Tunisia: Rage explodes after leftist leader killed

Left-wing leader Chokri Belaid was assassinated on February 6.
Friday, February 8, 2013

Furious protests have exploded onto Tunisia's streets and a general strike has been called after the assassination of left-wing politician and lawyer Chokri Belaid on February 6.

Belaid was head of the far-left Party of Democratic Patriots (PPD). His killing is Tunisia's first reported political assassination since independence.

Belaid was gunned down outside his home. Only 12 hours before, he publicly denounced "attempts to dismantle the state and the creation of militias to terrorise citizens and drag the country into a spiral of violence", Al Ahram said on February 6.

Belaid's brother Abdelmajid told AFP: “I accuse Rached Ghannouchi [leader of the Islamist Ennahda party] of assassinating my brother.”

Although no suspects have been identified by police, most demonstrators agreed with him, with chants such as "Get out!" and others targeting the party and its leaders.

Zied El Heni, a member of the Union of Journalists, accused Mehrez Zouari, an interior ministry official, of setting up a death squad responsible for the death of Belaid, Tunisia Live said on February 8.

A recent report by Human Rights Watch cited a "failure to investigate and prosecute physical assaults by people apparently affiliated with violent groups" from the government.

These groups include the League for the Protection of the Revolution, which assaulted the headquarters of the main union federation, the UGTT, in December.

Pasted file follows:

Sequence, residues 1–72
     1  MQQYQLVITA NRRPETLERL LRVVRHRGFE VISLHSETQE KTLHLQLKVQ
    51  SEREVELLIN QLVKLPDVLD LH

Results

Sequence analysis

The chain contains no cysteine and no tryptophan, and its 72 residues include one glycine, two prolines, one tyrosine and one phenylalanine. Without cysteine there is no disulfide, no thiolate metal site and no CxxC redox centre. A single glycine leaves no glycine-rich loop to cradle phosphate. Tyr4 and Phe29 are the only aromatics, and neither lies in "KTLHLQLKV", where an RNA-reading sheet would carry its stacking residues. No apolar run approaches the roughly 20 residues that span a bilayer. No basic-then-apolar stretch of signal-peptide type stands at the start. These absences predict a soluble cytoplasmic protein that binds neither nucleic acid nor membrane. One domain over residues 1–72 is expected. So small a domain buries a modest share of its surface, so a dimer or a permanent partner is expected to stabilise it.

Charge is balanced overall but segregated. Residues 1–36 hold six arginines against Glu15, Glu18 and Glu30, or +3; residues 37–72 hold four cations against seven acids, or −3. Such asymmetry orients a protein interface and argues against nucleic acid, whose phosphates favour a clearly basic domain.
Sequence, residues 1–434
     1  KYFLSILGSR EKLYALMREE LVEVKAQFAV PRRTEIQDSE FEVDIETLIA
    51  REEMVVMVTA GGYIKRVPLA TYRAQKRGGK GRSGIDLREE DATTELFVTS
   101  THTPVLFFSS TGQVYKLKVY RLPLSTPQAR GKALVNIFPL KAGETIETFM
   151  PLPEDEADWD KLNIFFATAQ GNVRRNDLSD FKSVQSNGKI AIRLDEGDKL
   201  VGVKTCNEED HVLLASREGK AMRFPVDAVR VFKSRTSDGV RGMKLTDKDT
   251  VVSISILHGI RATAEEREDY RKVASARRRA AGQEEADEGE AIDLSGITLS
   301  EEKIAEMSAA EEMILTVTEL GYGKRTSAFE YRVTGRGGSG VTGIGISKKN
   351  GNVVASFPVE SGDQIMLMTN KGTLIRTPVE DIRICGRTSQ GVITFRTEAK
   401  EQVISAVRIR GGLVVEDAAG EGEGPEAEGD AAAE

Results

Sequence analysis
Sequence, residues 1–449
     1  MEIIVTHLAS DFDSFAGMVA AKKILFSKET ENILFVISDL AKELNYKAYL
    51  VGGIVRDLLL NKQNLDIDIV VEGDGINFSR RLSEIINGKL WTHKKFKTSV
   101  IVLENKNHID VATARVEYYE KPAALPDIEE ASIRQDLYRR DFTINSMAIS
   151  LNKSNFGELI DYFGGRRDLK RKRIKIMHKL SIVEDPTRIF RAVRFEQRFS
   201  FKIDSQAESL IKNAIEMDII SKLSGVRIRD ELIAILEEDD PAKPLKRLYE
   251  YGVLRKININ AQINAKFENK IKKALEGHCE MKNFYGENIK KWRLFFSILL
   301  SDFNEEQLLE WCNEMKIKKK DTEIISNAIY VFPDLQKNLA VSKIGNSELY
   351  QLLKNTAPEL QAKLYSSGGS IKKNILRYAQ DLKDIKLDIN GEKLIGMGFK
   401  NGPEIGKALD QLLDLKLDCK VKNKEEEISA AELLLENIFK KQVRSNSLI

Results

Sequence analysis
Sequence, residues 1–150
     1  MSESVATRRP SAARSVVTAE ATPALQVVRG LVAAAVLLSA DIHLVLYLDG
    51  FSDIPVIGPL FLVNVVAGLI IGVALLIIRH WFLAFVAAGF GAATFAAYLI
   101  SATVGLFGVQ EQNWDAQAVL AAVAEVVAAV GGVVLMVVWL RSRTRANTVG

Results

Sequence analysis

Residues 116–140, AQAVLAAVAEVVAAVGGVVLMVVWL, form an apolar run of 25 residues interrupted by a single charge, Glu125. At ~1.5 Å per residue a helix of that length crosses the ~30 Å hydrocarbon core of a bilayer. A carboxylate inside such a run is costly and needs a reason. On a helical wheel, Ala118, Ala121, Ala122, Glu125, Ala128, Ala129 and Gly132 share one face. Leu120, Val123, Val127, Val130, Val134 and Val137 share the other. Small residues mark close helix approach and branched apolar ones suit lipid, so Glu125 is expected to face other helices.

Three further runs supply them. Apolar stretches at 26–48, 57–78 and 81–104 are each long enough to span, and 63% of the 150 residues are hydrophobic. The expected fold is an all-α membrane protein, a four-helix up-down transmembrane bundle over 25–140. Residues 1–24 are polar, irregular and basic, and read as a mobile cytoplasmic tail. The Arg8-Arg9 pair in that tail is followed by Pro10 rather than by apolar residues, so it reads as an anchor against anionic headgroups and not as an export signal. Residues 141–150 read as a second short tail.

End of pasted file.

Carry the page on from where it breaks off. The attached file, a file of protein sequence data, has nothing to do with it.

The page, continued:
Although party leaders have denied links, the Tunisian opposition widely regards the League militias as enforcers for Ennahda.

Afer Belaid's assassination, thousands of people rallied outside the headquarters of the interior ministry and other places on February 7 and 8, confronting tear gas and police assault.

Protests spread across all major regional cities and towns, with a general strike in Siliana on February 8. Headquarters of the Ennahda party were attacked in several places.

Siliana was the scene of a regional uprising late last year demanding regional investment, job creation and political agency. Belaid took part in the protests, promoting interior minister Ali Larayedh to accuse him of "stirring up trouble".

The PPD was one of 12 parties that united in October to form the Popular Front. The PF has been active in trade unions and social struggle; the UGTT leadership is largely comprised of PF leaders.

Belaid's funeral took place on February 8. At the insistence of his widow, Besma Khalfaoui, women were encouraged to take part in the funeral procession.

Nessma TV estimated 1 million were on the streets.

As Belaid's body reached the Jellaz cemetery in central Tunis, Nessma TV displayed footage of looters breaking into cars. The police responded with teargas, which entered the cemetery.

"Rest in peace, Chokri, we will continue on your path," fellow PF leader and long-term labour activist Hamma Hammami said in a speech at the funeral.

The general strike was widely respected. Most flights out of Tunis's airport were cancelled, all schools were shut down, and almost all shops were closed.

Ennahda and the other forces of "stability" have jostled ensure the outrage at Belaid's death isn't chanelled into expanding the struggle for justice, dignity and work.

Ennahda Prime Minister Hamdi Jebali has announced he will dissolve the government and form a non-partisan government of "technocrats" ― despite the wishes of his own party leadership.

Whether such a government will be able to hold the Leagues to account, or deliver on the demands of the January 14 revolution, remains to be seen.